The U.S. Department of Agriculture has reported that more than 42 percent of honeybee colonies died over the past year, and for the first time since the survey started in 2010, losses in the summer have now eclipsed losses seen over the winter months.
While the phenomenon of colony collapse disorder was first noticed nearly a decade ago, recent years have seen a reduction in the severity of the annual die-offs, until this past year, now up from last year’s 34 percent loss.
Assistant professor Dennis van Engelsdorp, of the University of Maryland and head of the annual survey, commented: "We expect the colonies to die during the winter, because that’s a stressful season. What’s totally shocking to me is that the losses in summer, which should be paradise for bees, exceeded the winter losses."
The economic impact of this ongoing problem is already being felt, with many beekeepers being forced out of business. Honeybees are also responsible for pollinating $15 billion worth of crops annually. The White House created a task force in 2014 to investigate the problem of CCD, and to develop potential solutions.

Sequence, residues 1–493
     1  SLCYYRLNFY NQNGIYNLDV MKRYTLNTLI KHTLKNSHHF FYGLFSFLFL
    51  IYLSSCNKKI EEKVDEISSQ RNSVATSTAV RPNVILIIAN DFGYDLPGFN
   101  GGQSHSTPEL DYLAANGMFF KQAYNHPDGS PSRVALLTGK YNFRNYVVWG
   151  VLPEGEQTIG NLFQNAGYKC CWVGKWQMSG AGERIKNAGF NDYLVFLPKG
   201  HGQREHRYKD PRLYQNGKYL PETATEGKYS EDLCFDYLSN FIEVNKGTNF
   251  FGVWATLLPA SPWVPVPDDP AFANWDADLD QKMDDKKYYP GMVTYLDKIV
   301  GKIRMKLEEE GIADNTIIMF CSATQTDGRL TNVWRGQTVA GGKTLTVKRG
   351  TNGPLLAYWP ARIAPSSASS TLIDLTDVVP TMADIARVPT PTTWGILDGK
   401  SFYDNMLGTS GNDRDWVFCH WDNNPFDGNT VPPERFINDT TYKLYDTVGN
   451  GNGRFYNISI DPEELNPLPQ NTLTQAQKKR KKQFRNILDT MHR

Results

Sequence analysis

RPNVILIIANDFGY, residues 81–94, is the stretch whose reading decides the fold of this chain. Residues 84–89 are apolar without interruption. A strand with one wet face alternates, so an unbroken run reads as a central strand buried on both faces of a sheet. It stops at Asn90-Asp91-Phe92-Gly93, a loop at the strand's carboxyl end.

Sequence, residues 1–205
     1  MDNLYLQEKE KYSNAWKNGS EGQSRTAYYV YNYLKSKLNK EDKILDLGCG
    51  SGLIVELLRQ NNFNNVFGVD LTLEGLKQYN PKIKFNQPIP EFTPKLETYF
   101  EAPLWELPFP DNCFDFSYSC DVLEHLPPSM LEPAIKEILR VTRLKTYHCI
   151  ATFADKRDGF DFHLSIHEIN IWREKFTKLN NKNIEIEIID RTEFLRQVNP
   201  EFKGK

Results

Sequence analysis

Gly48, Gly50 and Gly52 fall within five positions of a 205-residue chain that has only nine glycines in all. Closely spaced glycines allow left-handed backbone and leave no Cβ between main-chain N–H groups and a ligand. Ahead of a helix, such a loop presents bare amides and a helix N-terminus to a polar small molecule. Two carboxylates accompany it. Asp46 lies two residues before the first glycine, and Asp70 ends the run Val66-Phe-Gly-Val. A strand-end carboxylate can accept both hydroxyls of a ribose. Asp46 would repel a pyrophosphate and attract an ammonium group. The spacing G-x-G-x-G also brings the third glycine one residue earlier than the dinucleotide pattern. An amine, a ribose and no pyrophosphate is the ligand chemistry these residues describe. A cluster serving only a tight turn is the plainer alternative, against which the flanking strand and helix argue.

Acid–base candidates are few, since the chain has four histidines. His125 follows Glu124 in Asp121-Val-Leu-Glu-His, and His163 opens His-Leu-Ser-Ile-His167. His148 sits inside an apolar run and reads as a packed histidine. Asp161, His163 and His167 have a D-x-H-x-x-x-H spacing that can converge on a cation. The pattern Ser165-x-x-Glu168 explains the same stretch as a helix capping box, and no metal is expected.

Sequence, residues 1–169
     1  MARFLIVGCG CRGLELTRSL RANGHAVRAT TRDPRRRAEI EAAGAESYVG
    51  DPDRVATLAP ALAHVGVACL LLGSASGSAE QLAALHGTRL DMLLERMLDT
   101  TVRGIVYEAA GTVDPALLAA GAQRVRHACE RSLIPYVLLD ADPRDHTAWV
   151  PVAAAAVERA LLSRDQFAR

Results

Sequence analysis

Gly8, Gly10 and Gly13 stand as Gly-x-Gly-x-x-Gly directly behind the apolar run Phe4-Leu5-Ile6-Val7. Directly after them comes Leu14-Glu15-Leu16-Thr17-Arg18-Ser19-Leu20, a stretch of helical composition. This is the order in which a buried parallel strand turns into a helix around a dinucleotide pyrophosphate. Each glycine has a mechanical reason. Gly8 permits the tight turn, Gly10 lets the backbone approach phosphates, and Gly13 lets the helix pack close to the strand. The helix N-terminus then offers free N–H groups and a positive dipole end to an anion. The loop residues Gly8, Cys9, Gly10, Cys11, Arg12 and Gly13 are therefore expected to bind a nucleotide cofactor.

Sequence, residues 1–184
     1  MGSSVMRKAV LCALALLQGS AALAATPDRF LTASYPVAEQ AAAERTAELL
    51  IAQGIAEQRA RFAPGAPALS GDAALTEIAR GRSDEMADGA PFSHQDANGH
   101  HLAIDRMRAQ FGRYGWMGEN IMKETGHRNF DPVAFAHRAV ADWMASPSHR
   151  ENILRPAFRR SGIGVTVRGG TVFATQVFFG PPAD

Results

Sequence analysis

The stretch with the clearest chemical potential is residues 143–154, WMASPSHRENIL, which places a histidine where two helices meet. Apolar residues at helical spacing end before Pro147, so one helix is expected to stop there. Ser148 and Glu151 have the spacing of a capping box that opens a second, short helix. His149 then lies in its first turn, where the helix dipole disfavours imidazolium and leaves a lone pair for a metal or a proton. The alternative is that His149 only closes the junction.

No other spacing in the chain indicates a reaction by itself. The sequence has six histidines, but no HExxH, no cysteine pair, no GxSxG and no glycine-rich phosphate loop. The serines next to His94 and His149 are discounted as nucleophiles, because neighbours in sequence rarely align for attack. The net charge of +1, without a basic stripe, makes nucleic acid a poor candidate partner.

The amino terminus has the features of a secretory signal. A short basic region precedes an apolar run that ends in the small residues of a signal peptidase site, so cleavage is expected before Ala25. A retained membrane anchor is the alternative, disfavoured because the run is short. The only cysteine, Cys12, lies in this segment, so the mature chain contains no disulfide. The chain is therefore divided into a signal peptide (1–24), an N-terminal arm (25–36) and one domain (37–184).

Colony Collapse Disorder is believed by scientists to be caused by the use of pesticides, primarily neonicotinoids, but the pesticide industry has been effective in lobbying for more study, with the result that little is being done to address the problem in any meaningful way.
Unknowncountry has been reporting on this problem since 2007. To see our full archive of stories, click here.
“If the bee disappeared off the surface of the globe, then man would have only four years of life left. No more bees, no more pollination, no more plants, no more animals, no more man.” –Albert Einstein
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